The national acceptable hourly standard is 65 ppb over 8 hours. No exceedances.
What is Ozone
This is not the ozone layer, but a gas found at ground level. It is produced by the chemical reaction between various chemical compounds that are pollutants emitted from other sources. It causes smog, a mix of smoke and fog produced when sunlight reacts with other volatile organic compounds. Ozone is higher during summer.
SULPHUR DIOXIDE (SO2)
Coal fired power stations, metal smelting, diesel vehicles, oil refineries, and shipping
Harmful to those most at risk. Exposure will cause irritation of the eyes, nose, throat and lungs. High exposure is linked with asthma symptoms and attacks leading to increased hospitalisation for breathing difficulty. Each 10ppb increase in SO2 is linked to increased hospitalisations for asthma.
The national standards are 0.1ppm averaged over 1 hr. From 2025 the acceptable levels will be 0.075ppm over one day and 0.02 over one year.
What is Sulphur Dioxide
A colourless gas with a strong pungent smell produced when burning sulfur containing fossil fuels and mineral ores. When it combines with water, it forms sulfuric acid, the main component of acid rain.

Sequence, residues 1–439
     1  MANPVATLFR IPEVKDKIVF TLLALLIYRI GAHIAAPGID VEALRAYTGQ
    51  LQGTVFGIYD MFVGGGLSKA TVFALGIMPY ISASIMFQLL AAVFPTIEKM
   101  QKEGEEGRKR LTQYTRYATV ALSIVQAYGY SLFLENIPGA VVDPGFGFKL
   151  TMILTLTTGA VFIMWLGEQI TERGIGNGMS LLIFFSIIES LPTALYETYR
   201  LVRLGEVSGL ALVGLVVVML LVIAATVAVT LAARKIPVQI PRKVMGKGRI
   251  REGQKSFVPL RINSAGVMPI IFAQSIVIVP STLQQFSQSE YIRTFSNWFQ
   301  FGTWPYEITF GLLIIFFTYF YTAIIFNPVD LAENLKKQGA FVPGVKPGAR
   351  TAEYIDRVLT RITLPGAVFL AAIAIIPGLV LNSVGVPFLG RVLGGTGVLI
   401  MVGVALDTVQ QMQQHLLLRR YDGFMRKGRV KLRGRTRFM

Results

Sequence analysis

CARBON MONOXIDE (CO)
Burning fossil fuels including natural gas, petrol, coal and oil; smoke from fires; car and truck exhaust faulty gas heaters, gas cook tops, ovens and BBQs
Usually harmful inside. Carbon Monoxide causes health effects but is most likely to cause harm when allowed to build up inside, such as from gas appliances. It can be harmful for pregnant women and the health of their babies and people with heart conditions. It reduces the amount of oxygen getting to the body’s organs – heart and brain – and tissues. High exposure results in flu-like symptoms (headaches, dizziness, disorientation, nausea and fatigue). CO2 can cause chest pain.